There are very few rules in life that are absolute, but under the tax laws that have been in place for years, there is one mistake that you, as a new investor, should never commit. Holding tax-free municipal bonds in a tax-sheltered account such as a Roth IRA may seem like a great way to enhance your tax-free investments, but it's a fiscal fallacy.
The Advantages and Limits of a Roth IRA
The major benefit of your Roth IRA is that virtually all income earned within its protective shell is free from taxes. There are no dividend taxes, no interest taxes, no rent taxes, and no capital gain taxes.
However, the yield on municipal bonds is already tax-free. So you gain no additional advantage from putting them into a Roth IRA.
It's worth noting that with a Roth IRA, most investors currently can only contribute $6,000 annually. Given that restriction, it's best to limit your contributions to investments that would otherwise be taxed.
Tax-Free Municipal Bonds Yield Less Than Taxable Bonds
Here's some math to help illustrate why placing municipal bonds in a Roth IRA is a bad idea.
It is a truism that tax-free municipal bonds yield less than their taxable counterparts (corporate bonds, Treasury bonds, et cetera). To put them on parity, you must calculate something known as the taxable equivalent yield. As of April 2021, seasoned AAA corporate bonds, which are fully taxable, are yielding roughly 2.90%, while 30-year AAA tax-free municipal bonds are yielding 1.59%.
That difference of over 1% is not insignificant. Imagine you had $100,000 in your Roth IRA, after years of carefully saving money. In this case, you would be looking at two bonds, both of which are rated AAA, and both of which mature in 30 years. Yet, the corporate bond will pay you $2,900 in interest annually, while the municipal bond will pay you $1,590 in interest annually. No rational person would leave $1,310 in cash sitting on the table.
The power of your Roth IRA is so great that it essentially makes the corporate bonds tax-free, too!
Asset Positioning in a Roth IRA
There is a type of portfolio management strategy called asset positioning that factors in these sorts of situations, many of which rely on a Roth IRA. By looking at where you generate your passive income, and looking at which types of income are taxed based on how they are held, you can work to maximize the total after-tax cash that you can keep.
Picture yourself with no assets except a $500,000 portfolio with $250,000 in a Roth IRA and $250,000 in a taxable brokerage account. You have only two investments. The first is a collection of bonds that pay 5%, or $12,500 total each year. The second is a collection of blue chip stocks that pay no dividends.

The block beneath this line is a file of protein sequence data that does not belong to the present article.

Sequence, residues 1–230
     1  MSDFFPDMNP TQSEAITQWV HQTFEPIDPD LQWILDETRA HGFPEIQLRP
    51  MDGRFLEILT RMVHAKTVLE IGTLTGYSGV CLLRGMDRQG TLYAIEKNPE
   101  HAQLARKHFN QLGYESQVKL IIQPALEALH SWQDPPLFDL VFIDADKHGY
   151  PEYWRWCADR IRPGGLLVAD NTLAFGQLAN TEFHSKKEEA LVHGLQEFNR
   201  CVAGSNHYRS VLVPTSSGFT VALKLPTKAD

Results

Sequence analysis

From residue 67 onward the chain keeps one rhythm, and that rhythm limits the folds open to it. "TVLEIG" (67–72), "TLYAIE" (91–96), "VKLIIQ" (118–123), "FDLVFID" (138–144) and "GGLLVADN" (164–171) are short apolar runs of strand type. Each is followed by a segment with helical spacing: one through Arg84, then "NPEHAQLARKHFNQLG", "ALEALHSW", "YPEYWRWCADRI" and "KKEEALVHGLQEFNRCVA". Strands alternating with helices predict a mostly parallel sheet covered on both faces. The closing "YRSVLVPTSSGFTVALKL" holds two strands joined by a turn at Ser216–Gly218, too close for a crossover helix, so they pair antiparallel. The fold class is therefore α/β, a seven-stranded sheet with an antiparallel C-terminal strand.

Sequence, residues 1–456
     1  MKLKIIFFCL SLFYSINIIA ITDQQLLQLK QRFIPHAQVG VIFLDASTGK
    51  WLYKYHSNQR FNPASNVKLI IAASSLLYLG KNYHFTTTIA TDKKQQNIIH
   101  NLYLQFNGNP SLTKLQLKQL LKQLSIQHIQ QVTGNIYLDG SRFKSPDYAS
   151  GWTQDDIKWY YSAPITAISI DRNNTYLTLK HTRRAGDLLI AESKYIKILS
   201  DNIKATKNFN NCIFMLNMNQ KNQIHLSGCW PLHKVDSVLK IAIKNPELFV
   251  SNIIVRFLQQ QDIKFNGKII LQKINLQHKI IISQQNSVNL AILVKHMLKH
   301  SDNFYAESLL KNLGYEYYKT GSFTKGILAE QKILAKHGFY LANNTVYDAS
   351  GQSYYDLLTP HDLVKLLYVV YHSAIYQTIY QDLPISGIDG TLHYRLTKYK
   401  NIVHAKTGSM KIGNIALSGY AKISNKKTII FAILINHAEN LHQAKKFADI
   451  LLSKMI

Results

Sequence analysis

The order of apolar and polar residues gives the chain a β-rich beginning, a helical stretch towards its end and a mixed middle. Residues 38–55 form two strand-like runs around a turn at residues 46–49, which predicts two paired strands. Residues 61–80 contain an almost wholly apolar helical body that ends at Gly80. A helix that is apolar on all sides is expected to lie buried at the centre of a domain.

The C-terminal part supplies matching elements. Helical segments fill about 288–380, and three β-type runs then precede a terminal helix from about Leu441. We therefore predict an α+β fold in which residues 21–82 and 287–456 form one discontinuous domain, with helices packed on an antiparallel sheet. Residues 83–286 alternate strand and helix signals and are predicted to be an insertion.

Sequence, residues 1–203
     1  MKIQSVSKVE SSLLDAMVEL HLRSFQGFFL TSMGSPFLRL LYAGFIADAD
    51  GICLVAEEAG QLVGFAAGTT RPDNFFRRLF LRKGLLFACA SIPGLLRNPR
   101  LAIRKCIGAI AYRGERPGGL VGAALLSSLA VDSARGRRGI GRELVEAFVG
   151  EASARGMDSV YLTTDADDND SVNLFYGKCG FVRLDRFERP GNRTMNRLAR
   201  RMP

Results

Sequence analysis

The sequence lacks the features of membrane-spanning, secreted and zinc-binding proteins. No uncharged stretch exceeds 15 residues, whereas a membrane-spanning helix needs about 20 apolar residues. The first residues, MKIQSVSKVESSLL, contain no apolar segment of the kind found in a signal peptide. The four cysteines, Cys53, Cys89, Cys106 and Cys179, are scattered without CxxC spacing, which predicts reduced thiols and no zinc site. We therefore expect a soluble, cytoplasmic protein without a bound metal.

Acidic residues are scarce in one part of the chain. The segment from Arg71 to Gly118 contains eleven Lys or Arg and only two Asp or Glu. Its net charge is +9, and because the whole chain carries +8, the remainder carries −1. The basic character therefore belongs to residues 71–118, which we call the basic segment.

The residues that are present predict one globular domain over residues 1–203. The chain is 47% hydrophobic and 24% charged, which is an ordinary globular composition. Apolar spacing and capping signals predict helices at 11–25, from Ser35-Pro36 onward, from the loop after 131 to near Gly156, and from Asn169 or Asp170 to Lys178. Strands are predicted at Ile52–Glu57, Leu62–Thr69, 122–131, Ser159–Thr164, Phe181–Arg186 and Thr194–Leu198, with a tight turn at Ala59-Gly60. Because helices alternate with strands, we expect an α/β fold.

If you put the non-dividend paying stocks in the Roth IRA, held the taxable bonds in a brokerage account, and you are in the 24% bracket, you are going to end up with $9,500 in cash income per year.
However, if you switched those two investments and put the taxable bonds in the Roth IRA and the non-dividend paying stocks in the brokerage account, you are going to get to keep all $12,500. That is an extra $3,000, or 24% more money than you would have otherwise had, all because of how you held your investment positions. And savings could be even larger if you are in a higher tax bracket.
These small things matter, especially over a long period of time. An extra $3,000 invested at 7% for 30 years is nearly $300,000. It pays, quite literally, to keep an eye on not just the specific assets you own, but where you park those assets.
The General Rule for Roth IRA Investments
Although everyone's individual circumstances are different, a general rule of thumb for Roth IRA investments is that you should strive to put the least tax-efficient securities and assets in the IRA itself, while holding the most tax-efficient securities and assets through other, more standard account types, including direct registration, DRIPs, and brokerage accounts.
Assets that tend to appreciate are inherently tax-advantaged compared to those that throw off most of the wealth creation in the form of cash. Regular corporate bonds are often a good choice for a Roth IRA, as are high-yielding dividend stocks and real estate investment trusts.